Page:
Where are the new drugs?  pg. 3

Because loss of dopamine disrupts a complex web of signaling pathways in the brain, it may be possible to restore this balance by “tweaking” pathways involving other neurotransmitters.

While at Merck Research Laboratories, where he was head of neuroscience, Conn and his colleagues found that activating a particular GPCR that bines the neurotransmitter glutamate—mGluR4—relieved symptoms of Parkinson’s disease in animals. However, they could not find a compound that binds only to mGluR4, and does not activate other glutamate receptors elsewhere in the brain.

Allosteric modulation might solve the problem.

This tongue twister refers to the ability of some compounds to bind to a secondary site on a receptor in a way that “modulates” its activation by a primary “ligand” such as a neurotransmitter or hormone. Primary ligands fit into the receptor’s main binding site like a key fitting a lock, and “turn it on.”

The modulator, on the other hand, acts like the dimmer switch in an electrical circuit, adjusting the intensity of the receptor’s activation. The anti-anxiety drugs Valium, Xanax, Librium and Ativan, for example, “potentiate” or turn up the activity of the benzodiazepine receptor when it binds to its primary ligand, the neurotransmitter gamma-aminobutyric acid (GABA).

Conn wondered whether he could find an allosteric potentiator that was specific for mGluR4. However, “my department could only handle a maximum of three programs at any given time,” he says. “And to take a kind of half-baked idea… and decide we’re going to really pull the trigger on a drug discovery program was such a high risk.”

Then, in 2003, he saw an opportunity to pursue his idea at Vanderbilt.

A generation ago, Conn might have spent his entire career searching for a compound that could modulate mGluR4 activity. Now, thanks to Vanderbilt’s high-throughput screening facility, he and his colleagues can test tens of thousands of small molecules for drug-like activity in a single day.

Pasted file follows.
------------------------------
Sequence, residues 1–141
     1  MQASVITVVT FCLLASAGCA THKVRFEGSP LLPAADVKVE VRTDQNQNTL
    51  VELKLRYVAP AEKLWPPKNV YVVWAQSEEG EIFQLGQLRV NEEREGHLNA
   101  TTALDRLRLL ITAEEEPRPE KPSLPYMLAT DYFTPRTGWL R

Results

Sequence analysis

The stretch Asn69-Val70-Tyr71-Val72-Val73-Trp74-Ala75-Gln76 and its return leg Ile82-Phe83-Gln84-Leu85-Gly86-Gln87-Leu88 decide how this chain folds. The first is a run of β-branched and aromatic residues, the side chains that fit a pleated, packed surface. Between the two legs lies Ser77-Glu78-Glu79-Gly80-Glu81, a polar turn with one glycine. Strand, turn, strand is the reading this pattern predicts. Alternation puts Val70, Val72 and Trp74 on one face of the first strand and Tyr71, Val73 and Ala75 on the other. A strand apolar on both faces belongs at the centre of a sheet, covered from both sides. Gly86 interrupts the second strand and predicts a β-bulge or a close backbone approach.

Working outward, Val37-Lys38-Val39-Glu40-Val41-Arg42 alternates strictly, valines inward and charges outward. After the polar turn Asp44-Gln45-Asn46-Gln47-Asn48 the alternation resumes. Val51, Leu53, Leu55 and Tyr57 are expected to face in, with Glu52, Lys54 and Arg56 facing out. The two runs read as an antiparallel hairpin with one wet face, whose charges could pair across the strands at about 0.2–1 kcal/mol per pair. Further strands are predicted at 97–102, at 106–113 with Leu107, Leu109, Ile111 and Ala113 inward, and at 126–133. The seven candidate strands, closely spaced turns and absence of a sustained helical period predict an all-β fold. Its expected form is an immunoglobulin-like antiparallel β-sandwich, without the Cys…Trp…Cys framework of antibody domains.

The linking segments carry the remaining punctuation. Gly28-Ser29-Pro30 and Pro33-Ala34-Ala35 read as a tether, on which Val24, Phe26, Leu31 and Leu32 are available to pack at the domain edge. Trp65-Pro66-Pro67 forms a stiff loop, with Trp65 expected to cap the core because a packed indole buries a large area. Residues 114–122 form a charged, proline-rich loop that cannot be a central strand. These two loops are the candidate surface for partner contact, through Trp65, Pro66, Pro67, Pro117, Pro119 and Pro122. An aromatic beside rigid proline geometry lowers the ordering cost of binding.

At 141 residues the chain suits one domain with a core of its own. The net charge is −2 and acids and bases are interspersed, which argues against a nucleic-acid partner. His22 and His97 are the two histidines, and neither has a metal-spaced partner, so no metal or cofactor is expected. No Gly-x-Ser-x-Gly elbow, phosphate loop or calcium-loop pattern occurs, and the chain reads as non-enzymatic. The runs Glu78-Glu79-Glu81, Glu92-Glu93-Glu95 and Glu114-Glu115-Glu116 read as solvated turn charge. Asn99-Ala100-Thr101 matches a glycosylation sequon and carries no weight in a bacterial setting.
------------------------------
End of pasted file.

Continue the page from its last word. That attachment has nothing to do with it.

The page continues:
Ultra low volume liquid handlers squirt nanoliter amounts of the compounds into 384-well “microplates” containing their target. Reactions are detected via fluorescence or luminescence as the plates are maneuvered by articulated robots through the screening system.

Compounds that bind to the allosteric site on mGluR4 will be tested in animal models of Parkinson’s disease to see if they actually relieve muscle rigidity and restore coordination.

Conn admits that there is considerable skepticism among his colleagues in industry about “whether we can really pull it off.” But that hasn’t discouraged universities across the country from developing similar capabilities for screening compounds.

Three-dimensional crystal structure of a G protein coupled receptor (GPCR) embedded in a cell membrane, with its loosely attached heterotrimeric G protein, consisting of alpha, beta and gamma subunits, inside the cell. When a ligand, such as a neurotransmitter or hormone, binds to its GPCR, the receptor changes shape in a way that catalyzes the release of guanosine diphosphate (GDP) from the alpha subunit. GDP, an organic molecule involved in intracellular energy exchange, is replaced by the higherenergy guanine triphosphate (GTP). That, in turn, causes the alpha subunit to break apart from the beta and gamma subunits. The subunits then interact with other intracellular proteins to transmit signals down two independent pathways. Within a few seconds, GTP is converted back to GDP, the subunits recombine, and the signals are "turned off."
Illustration by William Oldham
“This is where we fill the gap,” he explains. “I think we are at a turning point in the whole drug discovery industry… We are at a point where different players in the whole therapeutic discovery arena can start to bring a lot more to bear to this process…

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